Simply put, this book is one of the most informative and interesting biochemistry/chemistry books I have read. It is well written, referenced and supported with diagrams. I can't recommend this 150-page A6 book enough, for initiates to chemistry, biochemistry, biology and even just the layman with an interest in the subject (me!).
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on 4 February 2016
This is no chemistry book, but a general overview of what molecules are and do, with the author focusing on the molecules of life (biochemistry). There is very little chemistry (no formula, no systematic description of the way atoms combine into molecules or how molecules interact and get modified) even if some processes are explained with references to chemical or physical concepts.

Each chapter covers a function of natural molecules( mostly biological) before showing how scientists try to use those natural characteristics or processes either to try to make artificial molecules or to interact with nature, see modify the natural processes. The book is accessible to the lay reader even if they might find some explanations more difficult, while readers with a more solid scientific education could find those descriptions a bit superficial (well, this is a "very short introduction", isn't?).

Chapter 1 is introductory (what are molecules, what they are made of, their shape and sizes, etc)
Chapter 2: The molecules of life [the cell, DNA, RNA, enzymes, proteins (role, what they are made of, how they are produced from DNA, energy that fuels the process …]
Chapter 3 : materials from molecules [structural molecules in the human body (skin, bone, muscle, hair, nails) and the proteins and enzymes that make them, with a focus on collagen. Spider silk and its hierarchical molecular arrangement that scientists have copied for artificial polymers. The animal/human cell's skeleton with its tubular structure inspiring scientists for carbon pipes)
Chapter 4 : molecules and energy (ATP and ADP molecules that provide energy for biochemical processes, mitochondria, digestion and breathing in animals/humans, photosynthesis in plants. Use of energy-rich molecules for gun powder and dynamite),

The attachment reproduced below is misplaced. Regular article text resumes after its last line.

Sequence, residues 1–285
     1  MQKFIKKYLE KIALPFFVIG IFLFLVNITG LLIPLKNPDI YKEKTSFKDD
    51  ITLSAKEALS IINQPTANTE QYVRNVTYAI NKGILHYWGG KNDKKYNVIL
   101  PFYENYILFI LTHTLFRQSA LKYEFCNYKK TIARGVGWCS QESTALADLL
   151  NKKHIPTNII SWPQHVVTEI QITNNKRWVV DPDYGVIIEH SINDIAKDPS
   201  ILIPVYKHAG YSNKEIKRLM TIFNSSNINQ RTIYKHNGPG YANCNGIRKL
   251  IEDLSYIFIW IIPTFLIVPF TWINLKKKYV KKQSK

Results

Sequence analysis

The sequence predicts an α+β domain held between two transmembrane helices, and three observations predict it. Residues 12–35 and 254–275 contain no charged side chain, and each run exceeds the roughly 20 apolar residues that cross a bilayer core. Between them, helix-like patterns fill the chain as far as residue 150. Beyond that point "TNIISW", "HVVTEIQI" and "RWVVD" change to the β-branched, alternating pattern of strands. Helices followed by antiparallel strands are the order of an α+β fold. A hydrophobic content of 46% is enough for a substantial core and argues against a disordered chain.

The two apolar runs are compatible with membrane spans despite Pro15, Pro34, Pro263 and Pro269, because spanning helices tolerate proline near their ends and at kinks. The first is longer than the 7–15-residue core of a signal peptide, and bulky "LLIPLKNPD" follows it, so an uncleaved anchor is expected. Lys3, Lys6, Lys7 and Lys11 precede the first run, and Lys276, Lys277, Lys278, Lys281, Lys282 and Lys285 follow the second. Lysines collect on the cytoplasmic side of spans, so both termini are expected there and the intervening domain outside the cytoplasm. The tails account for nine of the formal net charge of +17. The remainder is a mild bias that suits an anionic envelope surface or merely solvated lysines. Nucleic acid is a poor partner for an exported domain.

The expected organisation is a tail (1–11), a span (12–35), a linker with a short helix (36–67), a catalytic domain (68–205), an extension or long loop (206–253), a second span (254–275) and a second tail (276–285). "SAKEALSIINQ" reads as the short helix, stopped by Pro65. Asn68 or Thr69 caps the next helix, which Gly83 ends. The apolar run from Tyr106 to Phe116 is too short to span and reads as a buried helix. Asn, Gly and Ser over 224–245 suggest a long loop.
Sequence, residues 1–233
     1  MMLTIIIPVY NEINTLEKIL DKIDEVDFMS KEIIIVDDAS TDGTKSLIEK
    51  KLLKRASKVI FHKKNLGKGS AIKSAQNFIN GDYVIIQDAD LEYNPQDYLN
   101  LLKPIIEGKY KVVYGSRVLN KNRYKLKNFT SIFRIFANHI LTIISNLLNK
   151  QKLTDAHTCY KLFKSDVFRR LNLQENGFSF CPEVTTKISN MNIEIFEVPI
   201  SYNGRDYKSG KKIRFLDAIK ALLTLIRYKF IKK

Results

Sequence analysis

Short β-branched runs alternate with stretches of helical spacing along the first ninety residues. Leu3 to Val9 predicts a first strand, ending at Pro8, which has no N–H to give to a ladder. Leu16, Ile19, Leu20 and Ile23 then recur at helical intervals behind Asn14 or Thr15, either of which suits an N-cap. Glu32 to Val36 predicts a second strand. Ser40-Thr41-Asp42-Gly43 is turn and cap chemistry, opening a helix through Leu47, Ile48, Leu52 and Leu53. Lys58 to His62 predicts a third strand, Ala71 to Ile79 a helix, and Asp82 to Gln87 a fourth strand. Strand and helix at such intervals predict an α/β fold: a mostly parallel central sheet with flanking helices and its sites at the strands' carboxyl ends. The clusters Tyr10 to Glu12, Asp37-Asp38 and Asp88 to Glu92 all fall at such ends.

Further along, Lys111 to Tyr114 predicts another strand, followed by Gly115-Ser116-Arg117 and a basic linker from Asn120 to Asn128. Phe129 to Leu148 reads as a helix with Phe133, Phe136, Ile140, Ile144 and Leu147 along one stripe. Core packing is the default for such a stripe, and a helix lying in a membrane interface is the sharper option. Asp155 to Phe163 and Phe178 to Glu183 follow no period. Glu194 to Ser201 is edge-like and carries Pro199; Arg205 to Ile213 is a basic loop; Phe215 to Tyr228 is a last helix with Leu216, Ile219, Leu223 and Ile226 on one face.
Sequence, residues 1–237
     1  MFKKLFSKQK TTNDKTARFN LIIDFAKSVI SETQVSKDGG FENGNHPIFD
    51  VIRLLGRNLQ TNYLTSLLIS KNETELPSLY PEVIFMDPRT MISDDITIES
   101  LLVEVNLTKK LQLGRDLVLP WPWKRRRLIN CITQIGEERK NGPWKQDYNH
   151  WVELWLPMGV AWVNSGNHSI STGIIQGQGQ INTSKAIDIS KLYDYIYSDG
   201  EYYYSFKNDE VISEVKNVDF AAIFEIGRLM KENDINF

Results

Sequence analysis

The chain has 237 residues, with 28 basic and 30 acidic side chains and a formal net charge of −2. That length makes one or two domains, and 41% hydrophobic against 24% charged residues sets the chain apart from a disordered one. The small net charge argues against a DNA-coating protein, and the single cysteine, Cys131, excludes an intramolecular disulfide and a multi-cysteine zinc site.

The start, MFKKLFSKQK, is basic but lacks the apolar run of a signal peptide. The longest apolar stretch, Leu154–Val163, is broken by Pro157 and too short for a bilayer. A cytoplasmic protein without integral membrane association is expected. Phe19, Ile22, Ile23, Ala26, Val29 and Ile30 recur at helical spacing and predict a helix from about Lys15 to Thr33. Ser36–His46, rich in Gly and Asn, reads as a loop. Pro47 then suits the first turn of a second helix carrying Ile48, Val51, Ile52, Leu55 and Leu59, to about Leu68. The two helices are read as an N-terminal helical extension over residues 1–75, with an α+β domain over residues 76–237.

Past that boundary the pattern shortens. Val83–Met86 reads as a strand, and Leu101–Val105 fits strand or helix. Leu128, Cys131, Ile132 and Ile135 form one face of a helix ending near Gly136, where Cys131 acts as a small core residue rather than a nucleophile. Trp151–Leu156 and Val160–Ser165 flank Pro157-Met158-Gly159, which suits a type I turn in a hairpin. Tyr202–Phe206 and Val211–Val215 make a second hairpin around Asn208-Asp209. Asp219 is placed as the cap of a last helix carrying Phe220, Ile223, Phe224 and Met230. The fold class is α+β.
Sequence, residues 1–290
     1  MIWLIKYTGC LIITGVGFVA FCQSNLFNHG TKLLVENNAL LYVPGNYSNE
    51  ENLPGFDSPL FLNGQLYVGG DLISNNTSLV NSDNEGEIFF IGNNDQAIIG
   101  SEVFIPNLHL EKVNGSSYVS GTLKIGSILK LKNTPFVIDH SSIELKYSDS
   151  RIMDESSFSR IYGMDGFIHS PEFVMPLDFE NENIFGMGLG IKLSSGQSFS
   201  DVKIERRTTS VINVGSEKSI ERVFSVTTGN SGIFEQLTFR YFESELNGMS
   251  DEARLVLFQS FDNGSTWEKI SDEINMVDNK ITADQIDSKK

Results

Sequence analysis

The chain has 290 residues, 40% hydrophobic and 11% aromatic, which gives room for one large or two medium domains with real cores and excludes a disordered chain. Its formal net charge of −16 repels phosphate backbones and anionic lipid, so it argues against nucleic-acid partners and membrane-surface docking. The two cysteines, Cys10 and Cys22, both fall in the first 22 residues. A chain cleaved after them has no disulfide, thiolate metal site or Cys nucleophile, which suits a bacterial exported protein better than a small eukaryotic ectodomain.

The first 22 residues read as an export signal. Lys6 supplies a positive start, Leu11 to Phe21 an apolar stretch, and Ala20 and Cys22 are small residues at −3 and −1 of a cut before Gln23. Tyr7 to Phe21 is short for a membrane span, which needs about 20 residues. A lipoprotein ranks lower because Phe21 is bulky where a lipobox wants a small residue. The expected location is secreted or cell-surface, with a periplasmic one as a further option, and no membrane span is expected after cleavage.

Chapter 5: molecular motors (motor proteins that create motion, allow muscle power and cell division, for instance. Optical molecular tweezers created by scientists for molecular manipulation. How motor molecules have inspired research in nanotechnology.
Chapter 6: molecular communication (which molecule in the human body communicates with which, and what they communicate about. Hormones, neurons/axons/synapses and neurotransmitters)
Chapter 7 : molecular information (DNA— different aspects than in chapter 2—molecules that check for errors in DNA replication, or edit off useless elements before replication with scientists finding inspiration in natural editing tools for genetic modifications. Researches in molecular electronic to compensate for the limits of miniaturization of computer hardware).
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on 18 September 2012
The book gives you a detailed information about what is going on regarding new developments a research about molecules and macromolecules. It describes and explains the latest advances in molecular chemistry and you get a good view and knowledge of new molecules research .
It would be interesting that the book also points not only to biological molecules and its function to a cellular level but to other types as well .
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on 4 March 2016
Bought new.
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on 23 October 2015
My partner loves these books
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on 13 January 2015
Excellent